I survived in the Senior Marketing role during the turnover of 4 CEO’s at HSN largely because I used Marketing as a platform to help other silos accomplish their goals. By doing this, I was able to:
1. Create a continuous improvement process across the entire company that drove increased profitability for Marketing programs as well as the company overall
2. Insulated Marketing from being singled out for budget and personnel cuts when times got tough. This kind of Marketing work and end product is embedded in the core processes of the company. As the Customer Experts (not just the Advertising pukes), we were in fact internal consultants to IT, Customer Service, and Operations, helping them optimize their Customer Touchpoints.
Ultimately, we did this not because we were benevolent, mind you.
We did it because we knew that some portion of the success of any Marketing program relied on the execution by these Operational players. From initial response rate to net profitability of a program, these operational folks controlled the Customer Experience, and this Experience was crucial to maximizing Marketing success.
The best time to reach out and grab the Marketing Alignment ring is when companies are thinking about capital and expense re-allocation. These relationships you form with other areas of the company during economic transitions can pave the way for increased stability and success in the future.
So, how do you go about pursuing this kind of effort?
It starts with Finance. You have to establish a basis for these cross-functional initiatives, and that basis is increased Financial performance. As part of this effort, you accept additional Accountability as long as you also get increased Authority over anything that looks or smells like Marketing, no matter where it is. Call center scripts. VRU’s. Web site copy. Packaging. Anything that touches a customer.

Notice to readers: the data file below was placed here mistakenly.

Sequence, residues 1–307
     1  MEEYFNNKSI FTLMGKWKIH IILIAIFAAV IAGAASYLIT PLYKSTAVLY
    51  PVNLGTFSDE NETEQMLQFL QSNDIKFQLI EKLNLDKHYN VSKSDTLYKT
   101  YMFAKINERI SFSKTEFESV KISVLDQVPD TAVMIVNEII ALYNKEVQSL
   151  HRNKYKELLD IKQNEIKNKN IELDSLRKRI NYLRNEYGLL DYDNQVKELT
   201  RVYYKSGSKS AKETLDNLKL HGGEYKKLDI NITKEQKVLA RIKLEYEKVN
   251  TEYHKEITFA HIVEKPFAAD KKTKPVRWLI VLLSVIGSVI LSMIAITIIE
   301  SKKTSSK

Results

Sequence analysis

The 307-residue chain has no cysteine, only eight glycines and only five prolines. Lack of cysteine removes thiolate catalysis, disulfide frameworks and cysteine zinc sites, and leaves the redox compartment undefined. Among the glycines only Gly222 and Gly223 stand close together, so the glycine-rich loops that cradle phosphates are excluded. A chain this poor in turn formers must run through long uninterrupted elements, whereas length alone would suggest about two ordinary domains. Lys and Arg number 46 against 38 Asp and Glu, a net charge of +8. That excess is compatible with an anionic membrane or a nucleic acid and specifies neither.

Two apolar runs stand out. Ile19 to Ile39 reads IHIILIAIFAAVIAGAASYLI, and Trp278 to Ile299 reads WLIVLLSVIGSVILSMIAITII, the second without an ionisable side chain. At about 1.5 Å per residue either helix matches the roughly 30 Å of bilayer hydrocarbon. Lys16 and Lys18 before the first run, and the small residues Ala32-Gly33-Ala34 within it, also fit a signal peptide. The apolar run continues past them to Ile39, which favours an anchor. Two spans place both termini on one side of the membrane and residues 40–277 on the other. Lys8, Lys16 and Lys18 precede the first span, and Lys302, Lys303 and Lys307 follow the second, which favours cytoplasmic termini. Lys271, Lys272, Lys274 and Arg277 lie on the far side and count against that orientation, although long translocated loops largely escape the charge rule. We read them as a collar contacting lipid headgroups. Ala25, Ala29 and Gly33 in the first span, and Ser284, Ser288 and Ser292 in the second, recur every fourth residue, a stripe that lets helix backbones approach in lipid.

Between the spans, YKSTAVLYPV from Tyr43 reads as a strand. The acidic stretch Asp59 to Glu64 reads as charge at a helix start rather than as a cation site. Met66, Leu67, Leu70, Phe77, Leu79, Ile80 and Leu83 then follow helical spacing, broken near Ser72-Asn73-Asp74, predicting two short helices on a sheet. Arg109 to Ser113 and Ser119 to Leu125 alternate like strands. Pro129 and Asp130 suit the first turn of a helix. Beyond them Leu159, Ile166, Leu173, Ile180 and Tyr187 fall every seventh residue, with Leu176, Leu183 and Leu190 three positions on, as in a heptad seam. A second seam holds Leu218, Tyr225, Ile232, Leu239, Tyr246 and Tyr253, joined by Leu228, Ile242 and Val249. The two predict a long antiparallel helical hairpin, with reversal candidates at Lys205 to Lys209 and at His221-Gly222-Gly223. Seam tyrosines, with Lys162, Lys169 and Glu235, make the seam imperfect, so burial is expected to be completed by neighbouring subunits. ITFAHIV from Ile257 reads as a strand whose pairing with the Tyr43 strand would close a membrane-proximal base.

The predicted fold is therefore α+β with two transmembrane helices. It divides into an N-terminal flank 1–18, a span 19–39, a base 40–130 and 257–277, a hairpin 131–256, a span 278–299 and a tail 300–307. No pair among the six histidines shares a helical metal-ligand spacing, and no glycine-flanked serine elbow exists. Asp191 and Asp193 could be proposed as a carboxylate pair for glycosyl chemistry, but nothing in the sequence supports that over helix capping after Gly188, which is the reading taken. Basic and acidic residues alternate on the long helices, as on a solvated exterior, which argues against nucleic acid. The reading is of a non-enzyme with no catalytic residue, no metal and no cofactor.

This is a key deal component. No Authority, no deal.
You’re thinking, I don’t have the skills to do this, what do I know about Operations? Listen, can you differentiate between badly written copy and great copy? That’s the only skill you need to optimize about 50% of the customer interface problems you will run into. Do you understand the customer and have empathy for her? That’s the only skill you need to solve the other 50% of the problems. Seriously.
I’m not saying it’s easy, I’m saying you have the skills to do it.
Because many of these Demand Fulfillment issues are essentially about copy and presentation, about understanding the customer and then turning an interface or process created by an Operations person into something more customer friendly. Just like Optimizing a web site.